A) Overview of the tissue expression prediction tool. We obtained 163,552 curated gene annotations to tissue expression based on small-scale experiments from WormBase and the C. elegans Tissue Expression Consortium (gold standard) and collected 4,372 microarray and RNA-seq samples (training data). For each of 76 tissues and cell types, we integrated the gold standard and training data using a support vector machine to make genome-wide predictions. Finally, we built an interactive webserver (worm.princeton.edu), where users can explore and download these predictions. B) Prediction performance of tissue expression models. Precision at 10% recall based on 5-fold cross-validation is shown. High precision is achieved even for tissues and cell types where there are relatively few known examples of tissue-specific expression based on small-scale experiments (low prior, where prior is the expected fraction of positive predictions if genes were chosen at random).

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To examine the quality of our predictions, we examined prediction performance using five-fold cross-validation, where the known gene annotations are split into five random partitions, and each partition is completely hidden from the algorithm as it is trained on the other four. Evaluating against the hidden annotations, we observed impressive performance: median precision of 0.968 at 10% recall, where maximum possible of a perfect classifier is 1, (Fig 5B; and S3S5 Figs). Notably, several tissue predictions perform strongly even with few gold standards in the training set, including touch receptor neurons, phasmid neurons, and oocytes (Fig 5B).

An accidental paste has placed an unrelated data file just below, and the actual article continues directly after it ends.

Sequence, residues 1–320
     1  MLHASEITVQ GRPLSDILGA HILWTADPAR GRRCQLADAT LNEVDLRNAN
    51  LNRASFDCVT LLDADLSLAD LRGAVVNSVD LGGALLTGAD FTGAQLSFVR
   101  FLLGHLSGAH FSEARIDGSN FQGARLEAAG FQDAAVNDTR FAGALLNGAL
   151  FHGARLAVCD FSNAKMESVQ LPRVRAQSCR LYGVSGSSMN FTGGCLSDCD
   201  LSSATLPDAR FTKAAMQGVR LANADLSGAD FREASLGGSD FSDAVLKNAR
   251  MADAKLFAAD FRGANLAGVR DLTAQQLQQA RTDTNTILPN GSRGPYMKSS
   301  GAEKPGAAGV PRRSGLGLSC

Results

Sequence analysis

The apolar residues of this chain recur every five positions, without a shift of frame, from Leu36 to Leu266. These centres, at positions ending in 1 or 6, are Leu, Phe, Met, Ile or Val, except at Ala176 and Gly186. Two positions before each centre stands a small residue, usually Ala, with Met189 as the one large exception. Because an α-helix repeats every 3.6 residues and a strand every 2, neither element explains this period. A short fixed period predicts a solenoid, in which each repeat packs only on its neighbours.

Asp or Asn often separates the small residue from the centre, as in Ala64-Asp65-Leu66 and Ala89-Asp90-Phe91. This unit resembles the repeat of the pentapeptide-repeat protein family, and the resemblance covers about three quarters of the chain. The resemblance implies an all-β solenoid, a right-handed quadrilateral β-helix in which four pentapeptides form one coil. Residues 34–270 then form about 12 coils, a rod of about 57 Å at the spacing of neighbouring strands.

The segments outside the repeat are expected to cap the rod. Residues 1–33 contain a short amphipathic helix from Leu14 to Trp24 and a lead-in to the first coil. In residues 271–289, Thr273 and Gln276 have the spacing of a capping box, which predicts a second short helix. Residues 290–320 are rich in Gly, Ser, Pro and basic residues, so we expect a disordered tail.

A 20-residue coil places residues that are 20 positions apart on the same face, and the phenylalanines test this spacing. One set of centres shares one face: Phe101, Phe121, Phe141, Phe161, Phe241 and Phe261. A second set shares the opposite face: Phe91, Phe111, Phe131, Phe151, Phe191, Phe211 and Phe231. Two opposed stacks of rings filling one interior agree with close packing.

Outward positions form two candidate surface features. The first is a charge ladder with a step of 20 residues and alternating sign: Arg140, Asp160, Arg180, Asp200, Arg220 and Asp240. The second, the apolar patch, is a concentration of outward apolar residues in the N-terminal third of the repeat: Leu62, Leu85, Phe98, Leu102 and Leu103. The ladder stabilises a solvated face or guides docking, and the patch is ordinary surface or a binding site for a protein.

These predictions greatly expand upon the limited set of genes known to be expressed (gold standards) for each tissue subtype, and can provide insight into a variety of biological processes. For example, the dopaminergic (DA) neurons are widely studied for their roles in behavior modulation and neurodegeneration [58]. Using the novel genes predicted to be expressed in DA neurons at 10% recall, we find Gene Ontology enrichment of genes related to neuropeptide signaling and thigmotaxis (the use of surface textures as a navigational cue). Interestingly, thigmotaxis in C. elegans was recently shown to require dopamine signaling [59], and some the predicted DA genes may contribute cell autonomously to that process.

To further evaluate the adult “tissue-ome” (Fig 1), we generated predictions excluding our tissue-specific RNA-seq samples from the data compendium, then calculated average predicted tissue expression scores for each tissue’s enriched genes (S2 Table) across the 76 cell types. The predictions accurately characterized the identity of each sequenced tissue (Fig 6A). The predicted profiles in the 35 nervous system-related tissue expression models are especially striking, with very distinct, strong signals for the neuron tissue-enriched genes.